In 1997, the government abolished the Women's Bureau in the Department of Employment, Education, Training and Youth Affairs. For 30 years the bureau had tracked trends in women's employment and had been a strong advocate for equal pay. The department supposedly still publishes some statistics on women, but they are difficult to track down and the detailed information on employment, including women's employment, that used to be collected by the Australian Workplace Industrial Relations Survey is no longer available. The last such survey was conducted in 1995. The 1996 budget abolished the Women's Statistics Unit in the Australian Bureau of Statistics.
Howard's first two budgets drastically cut funding for child care. Operational subsidies for community-based centres were abolished, which led to fee increases. The budget also cut the childcare rebate, reducing the amount payable to families earning more than $70,000 a year. The childcare assistance payment was changed from fortnightly in advance to fortnightly in arrears, its indexation was cancelled and it was capped at 50 hours of work-related care per week. The next budget restricted the number of long-day care places to be funded to 7000 a year for 1998-99.
It became far more difficult to afford child care. The effect of these cuts forced thousands of women out of the work force. A cut of $850 million from child care between 1996 and 2000 forced many centres to close down or greatly increase their fees. In those five years, women's employment participation in Fairfield and Liverpool fell from 49.9% to 47%.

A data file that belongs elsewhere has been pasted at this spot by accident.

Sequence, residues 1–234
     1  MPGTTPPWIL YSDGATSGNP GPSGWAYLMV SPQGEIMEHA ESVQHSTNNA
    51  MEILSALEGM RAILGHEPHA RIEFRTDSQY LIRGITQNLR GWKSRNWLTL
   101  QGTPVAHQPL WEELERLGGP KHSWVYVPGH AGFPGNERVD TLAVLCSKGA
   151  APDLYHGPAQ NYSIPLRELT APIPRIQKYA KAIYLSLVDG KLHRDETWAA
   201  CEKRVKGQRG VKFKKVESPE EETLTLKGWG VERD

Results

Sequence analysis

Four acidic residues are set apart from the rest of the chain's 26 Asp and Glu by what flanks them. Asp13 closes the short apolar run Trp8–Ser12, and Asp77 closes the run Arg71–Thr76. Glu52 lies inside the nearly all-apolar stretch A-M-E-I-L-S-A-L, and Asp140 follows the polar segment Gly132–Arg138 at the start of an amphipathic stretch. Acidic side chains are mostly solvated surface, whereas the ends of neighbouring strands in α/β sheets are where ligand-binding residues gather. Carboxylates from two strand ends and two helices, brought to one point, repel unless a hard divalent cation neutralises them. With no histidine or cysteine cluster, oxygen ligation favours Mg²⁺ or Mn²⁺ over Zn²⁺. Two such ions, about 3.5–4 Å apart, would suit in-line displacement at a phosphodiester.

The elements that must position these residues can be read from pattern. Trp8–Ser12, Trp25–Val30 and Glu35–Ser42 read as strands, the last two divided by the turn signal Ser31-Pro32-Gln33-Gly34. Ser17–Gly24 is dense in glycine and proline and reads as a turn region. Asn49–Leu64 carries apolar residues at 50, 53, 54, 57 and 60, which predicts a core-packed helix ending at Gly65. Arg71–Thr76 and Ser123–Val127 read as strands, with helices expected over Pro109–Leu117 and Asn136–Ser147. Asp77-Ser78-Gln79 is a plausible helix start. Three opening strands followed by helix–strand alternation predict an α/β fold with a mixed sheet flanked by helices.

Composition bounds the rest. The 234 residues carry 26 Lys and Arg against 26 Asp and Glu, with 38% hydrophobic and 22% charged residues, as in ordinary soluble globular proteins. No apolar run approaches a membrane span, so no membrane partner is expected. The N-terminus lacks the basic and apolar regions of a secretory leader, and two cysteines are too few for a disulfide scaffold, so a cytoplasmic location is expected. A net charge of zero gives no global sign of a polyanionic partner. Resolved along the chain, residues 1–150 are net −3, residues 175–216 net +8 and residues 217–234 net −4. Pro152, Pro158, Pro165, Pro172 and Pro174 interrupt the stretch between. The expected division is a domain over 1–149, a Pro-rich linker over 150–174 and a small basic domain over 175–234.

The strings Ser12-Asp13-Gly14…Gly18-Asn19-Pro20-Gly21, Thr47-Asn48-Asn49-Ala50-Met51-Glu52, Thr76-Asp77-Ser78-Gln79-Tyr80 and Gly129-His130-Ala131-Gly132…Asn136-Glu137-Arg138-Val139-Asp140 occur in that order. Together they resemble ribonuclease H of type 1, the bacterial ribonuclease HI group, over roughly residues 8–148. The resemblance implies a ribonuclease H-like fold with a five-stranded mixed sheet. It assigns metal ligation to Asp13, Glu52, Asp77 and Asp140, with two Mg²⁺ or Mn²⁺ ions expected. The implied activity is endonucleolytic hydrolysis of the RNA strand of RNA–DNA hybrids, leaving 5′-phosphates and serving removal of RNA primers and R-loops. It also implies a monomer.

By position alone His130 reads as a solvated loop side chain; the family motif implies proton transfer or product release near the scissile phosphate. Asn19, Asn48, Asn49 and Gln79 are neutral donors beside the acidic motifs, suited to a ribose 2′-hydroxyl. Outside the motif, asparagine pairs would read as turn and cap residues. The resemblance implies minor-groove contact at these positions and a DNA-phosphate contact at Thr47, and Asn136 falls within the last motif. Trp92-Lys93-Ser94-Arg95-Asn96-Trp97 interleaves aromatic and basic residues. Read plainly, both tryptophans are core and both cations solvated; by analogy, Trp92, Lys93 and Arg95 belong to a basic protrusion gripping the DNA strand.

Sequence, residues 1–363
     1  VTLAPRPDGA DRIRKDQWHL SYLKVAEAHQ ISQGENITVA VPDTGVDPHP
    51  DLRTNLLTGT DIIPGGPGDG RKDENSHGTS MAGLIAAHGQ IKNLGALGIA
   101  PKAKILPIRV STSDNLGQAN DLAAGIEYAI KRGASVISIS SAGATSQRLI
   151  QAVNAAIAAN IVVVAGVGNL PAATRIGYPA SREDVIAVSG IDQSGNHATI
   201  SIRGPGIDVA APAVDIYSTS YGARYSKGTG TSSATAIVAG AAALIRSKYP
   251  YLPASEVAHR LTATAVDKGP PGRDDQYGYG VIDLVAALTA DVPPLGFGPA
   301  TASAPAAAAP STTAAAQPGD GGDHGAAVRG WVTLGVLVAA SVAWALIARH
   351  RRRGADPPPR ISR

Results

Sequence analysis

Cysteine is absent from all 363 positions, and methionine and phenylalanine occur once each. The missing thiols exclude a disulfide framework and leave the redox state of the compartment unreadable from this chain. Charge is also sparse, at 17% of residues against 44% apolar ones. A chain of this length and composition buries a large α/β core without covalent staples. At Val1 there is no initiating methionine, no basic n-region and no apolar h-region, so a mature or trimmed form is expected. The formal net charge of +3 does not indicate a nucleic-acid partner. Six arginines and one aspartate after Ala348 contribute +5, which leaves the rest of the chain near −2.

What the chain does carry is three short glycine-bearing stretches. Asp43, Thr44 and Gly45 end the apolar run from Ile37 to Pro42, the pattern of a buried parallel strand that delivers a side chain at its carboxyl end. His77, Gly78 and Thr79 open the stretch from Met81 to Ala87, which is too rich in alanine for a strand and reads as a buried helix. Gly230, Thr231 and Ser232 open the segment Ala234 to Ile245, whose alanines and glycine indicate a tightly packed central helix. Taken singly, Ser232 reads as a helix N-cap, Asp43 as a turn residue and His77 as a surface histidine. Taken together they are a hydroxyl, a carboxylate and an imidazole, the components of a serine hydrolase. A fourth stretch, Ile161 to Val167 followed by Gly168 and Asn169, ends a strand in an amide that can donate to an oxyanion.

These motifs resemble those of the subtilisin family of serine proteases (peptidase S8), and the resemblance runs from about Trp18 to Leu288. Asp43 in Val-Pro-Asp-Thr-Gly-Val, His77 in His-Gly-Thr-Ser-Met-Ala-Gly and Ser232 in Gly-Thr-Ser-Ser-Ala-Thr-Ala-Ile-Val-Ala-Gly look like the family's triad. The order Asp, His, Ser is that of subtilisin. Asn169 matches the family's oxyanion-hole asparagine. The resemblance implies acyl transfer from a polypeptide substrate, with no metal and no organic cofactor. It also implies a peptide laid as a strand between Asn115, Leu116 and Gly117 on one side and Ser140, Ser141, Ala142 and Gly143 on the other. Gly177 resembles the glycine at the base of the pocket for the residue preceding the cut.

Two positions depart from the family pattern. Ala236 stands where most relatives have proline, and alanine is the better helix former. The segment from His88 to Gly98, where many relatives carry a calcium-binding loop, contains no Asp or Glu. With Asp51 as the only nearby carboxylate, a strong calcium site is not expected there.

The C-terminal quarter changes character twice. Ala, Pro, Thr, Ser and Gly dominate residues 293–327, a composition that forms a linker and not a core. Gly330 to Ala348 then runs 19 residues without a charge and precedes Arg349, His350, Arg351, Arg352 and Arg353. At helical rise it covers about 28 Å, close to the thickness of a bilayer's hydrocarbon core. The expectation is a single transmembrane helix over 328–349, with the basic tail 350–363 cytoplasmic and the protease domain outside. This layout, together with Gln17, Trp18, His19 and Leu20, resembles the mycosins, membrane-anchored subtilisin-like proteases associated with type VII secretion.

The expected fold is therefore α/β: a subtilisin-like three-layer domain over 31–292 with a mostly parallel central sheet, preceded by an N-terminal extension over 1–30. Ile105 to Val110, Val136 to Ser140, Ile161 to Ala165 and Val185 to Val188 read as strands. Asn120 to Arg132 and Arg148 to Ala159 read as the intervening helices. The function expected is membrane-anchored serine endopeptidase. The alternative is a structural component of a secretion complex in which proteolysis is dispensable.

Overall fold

In 2000, the government resumed funding the expansion of the childcare program, but the rate of spending was below the amount spent in 1993-94. The government's childcare assistance was structured so that only those on extremely low incomes receive more than minimal help. To qualify for the maximum payment, a family's combined income cannot exceed $31,755, less than average weekly earnings.
Summers found from the focus groups she commissioned that very few women who were in jobs could afford child care. Most relied on families or organised their work so that the two parents worked opposite shifts, only seeing each other to pass on the children. One working mother in the focus groups said that she felt equal with men until she had children.
Under the Family Tax Benefit Part B scheme, single income families where the wife earns less than $1824 a year can receive up to $56 a week for children under the age of five. This scheme doesn't take into account the primary earner's income when calculating the payments, as occurs with all forms of family assistance going to two-income families. Single-income millionaire families can benefit from this scheme. Even the government's own figures demonstrate that a single-income family on $70,000 a year is considerably better off than a two-income family with a combined income of $70,000 once childcare expenses are taken into account.
The only family benefit that can be accessed by two income families, Family Tax Benefit Part A, begins to cut out when the combined income reaches $31,755.
The "baby bonus", the most insidious of the government's policies, was introduced instead of a national paid maternity leave scheme. It enables mothers to have refunded the tax they paid in the year before giving birth up to a maximum of $2500 a year. To qualify for the full amount, they must stay home for five years.
Under the Welfare to Work law, sole parents currently on the pension must seek 15-25 hours of work per week once their youngest child is seven. New claimants whose youngest child is six to seven must seek at least 15 hours of paid work per week and undertake a mutual obligation activity comprising 150 hours over six months each year. Newstart Allowance cuts out at a much lower amount of private earnings than the Sole Parents Pension. Sole parents cannot refuse a job if it meets the government's five minimum conditions.